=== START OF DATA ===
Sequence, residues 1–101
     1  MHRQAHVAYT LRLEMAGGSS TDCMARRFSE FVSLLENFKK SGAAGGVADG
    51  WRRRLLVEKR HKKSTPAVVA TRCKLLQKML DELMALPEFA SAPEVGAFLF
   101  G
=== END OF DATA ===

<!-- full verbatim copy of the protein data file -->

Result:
Sequence, residues 1–101
     1  MHRQAHVAYT LRLEMAGGSS TDCMARRFSE FVSLLENFKK SGAAGGVADG
    51  WRRRLLVEKR HKKSTPAVVA TRCKLLQKML DELMALPEFA SAPEVGAFLF
   101  G